Last night, news leaked out that Oculus VR had raised $75 million from Andreessen Horowitz to help it release its first product, the Oculus Rift virtual reality headset. In an interview with AllThingsD , CEO Brendan Iribe said the company first talked with Andreessen Horowitz shortly before it closed a $16 million Series A with other investors in June. The two teams hit it off, but what sealed the deal was a demo meeting in November. That month, the Oculus founders and CTO John Carmack demoed the latest internal prototype of the Rift, which Iribe describes as a significant leap ahead of what the company has publicly shown off so far. “You feel like you’re looking through the lenses to a different world,” Iribe said, summarizing the reactions of the demo recipients as “Oh my God, this is it.” Iribe said Marc Andreessen had expressed enthusiasm earlier in the year, but needed to be convinced that a consumer version was feasible. The November demo — in which Andreessen was one of the people to try the headset — was evidently good enough, as the room then hashed out a $75 million investment intended to cover inventory, marketing and sales for the version-one Rift. However, launching any new hardware is tricky without stuff to use it for, and Iribe said Oculus VR is also using the new funds to invest in content. The goal is to ensure that the Rift will not only have games at launch, but also a calendar of games to expect post-launch, so that consumers will know what’s coming. So, what has changed that suddenly makes an expected 2014 consumer release a possibility? Iribe repeatedly praised Valve’s R&D head Michael Abrash

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Tech Giants Establish $3 Million Prize for Mathematics Scholars

December 13, 2013  |  All Things Digital  |  No Comments

Mark Zuckerberg and Yuri Milner announced on Thursday evening the establishment of the Breakthrough Prize in Mathematics, a set of $3 million awards given to recognize outstanding achievement in the discipline. These are in addition to the Breakthrough Prizes in life sciences and fundamental physics, a set of awards sponsored by Milner, Zuckerberg and other Silicon Valley luminaries, including Sergey Brin and Art Levinson.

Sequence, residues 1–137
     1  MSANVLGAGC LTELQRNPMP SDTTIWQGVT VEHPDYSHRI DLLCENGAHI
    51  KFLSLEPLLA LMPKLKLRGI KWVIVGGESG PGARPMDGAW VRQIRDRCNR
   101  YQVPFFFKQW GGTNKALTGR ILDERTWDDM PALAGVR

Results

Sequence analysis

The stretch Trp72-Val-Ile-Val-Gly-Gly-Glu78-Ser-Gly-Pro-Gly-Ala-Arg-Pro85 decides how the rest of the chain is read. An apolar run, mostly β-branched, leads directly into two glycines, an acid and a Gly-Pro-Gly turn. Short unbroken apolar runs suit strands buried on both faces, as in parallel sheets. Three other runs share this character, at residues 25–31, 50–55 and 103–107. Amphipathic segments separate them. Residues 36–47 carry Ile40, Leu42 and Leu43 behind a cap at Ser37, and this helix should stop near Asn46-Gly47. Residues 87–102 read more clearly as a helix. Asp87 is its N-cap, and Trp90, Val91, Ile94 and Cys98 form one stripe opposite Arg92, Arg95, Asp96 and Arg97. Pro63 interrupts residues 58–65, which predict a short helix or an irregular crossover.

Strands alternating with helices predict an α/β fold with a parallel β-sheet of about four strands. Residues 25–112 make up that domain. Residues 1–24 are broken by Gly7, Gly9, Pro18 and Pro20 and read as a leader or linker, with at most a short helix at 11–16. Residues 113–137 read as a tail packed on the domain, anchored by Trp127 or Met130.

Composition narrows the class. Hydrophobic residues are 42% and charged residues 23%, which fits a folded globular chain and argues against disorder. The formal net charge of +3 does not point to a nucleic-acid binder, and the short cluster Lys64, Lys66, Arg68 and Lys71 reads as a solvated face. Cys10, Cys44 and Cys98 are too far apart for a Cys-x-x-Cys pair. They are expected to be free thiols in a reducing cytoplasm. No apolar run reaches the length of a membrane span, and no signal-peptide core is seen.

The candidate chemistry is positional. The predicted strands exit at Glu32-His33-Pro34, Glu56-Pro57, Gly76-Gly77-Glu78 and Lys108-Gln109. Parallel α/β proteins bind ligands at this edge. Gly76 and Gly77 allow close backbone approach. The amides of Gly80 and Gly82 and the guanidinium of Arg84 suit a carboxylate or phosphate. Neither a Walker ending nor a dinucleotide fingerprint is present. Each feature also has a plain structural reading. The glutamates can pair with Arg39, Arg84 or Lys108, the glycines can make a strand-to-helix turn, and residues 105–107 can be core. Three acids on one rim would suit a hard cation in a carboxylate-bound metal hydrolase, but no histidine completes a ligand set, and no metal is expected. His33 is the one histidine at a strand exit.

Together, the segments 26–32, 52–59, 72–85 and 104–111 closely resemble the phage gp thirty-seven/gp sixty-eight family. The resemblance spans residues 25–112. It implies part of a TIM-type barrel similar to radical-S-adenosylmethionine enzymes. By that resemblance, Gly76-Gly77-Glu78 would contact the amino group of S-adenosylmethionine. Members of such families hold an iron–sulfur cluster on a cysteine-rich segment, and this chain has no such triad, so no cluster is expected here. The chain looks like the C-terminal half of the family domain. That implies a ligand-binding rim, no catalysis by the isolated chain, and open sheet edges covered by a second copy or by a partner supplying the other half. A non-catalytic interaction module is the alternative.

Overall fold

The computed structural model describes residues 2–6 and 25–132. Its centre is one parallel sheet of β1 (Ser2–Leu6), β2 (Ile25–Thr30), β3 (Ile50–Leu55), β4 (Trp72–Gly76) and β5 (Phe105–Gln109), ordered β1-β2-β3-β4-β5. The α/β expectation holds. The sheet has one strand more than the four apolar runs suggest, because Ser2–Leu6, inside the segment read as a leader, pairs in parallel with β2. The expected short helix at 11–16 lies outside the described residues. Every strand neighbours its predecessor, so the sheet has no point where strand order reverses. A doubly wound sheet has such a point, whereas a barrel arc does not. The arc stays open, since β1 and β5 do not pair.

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Twitter Tries to Get Your Attention

December 13, 2013  |  All Things Digital  |  No Comments

Twitter’s great, but if you’re a regular human, you can’t spend all of your time looking at it.* So what if someone plops out something interesting, and you miss it? Twitter has a plan for that. Former Foursquare product head Alex Rainert happened to catch a glimpse of it yesterday, when Twitter sent a push notification to his iPhone, telling him that two of his pals were talking about … “Grey’s Anatomy.” As Rainert notes, he’s not particularly interested in knowing about that. But Twitter is very interested in TV, so you can see why it would experiment with different ways of telling users what people are saying about TV on Twitter. (Here’s an earlier experiment from this summer .) And more broadly, as John Herrman pointed out a while back , you can imagine Twitter using push notifications to tell people about all sorts of stuff that’s happening on Twitter. Note that Twitter has recently rolled out two features/experiments designed to surface interesting stuff for you — Event Parrot for breaking news , and Magic Recs for people your friends are paying attention to — and it has already converted Magic Recs into a push notification system. If you opt in, Twitter will start suggesting Twitter users for you to follow, based on the fact that your Twitter pals have started following them, too. (The most recent heads-up I received was about Danah Boyd ’s new “think/do tank” called  Data & Society Research Institute .) In Rainert’s case, he didn’t ask Twitter to tell him that his pals were talking about TV. And you can see the downside of this thing if Twitter pushes too many of these to people who don’t want them. But I think Twitter thinks the upside is pretty significant. Highlighting cool stuff is nice for power users, and may keep them more engaged. And it could be crucial for new users, which Twitter really needs : Hey, we know this seems like a lot of people jabbering about weird stuff — WTF is an RT, right? — but look over here! You might want to know about this . So I have a hunch we’ll see more of this. Even if we don’t ask for it. * I do know some people who look at Twitter every minute they are awake, but they are most definitely not regular humans, even though they are nice people in their own special way.

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QOTD: My Favorite Waste of Time

December 13, 2013  |  All Things Digital  |  No Comments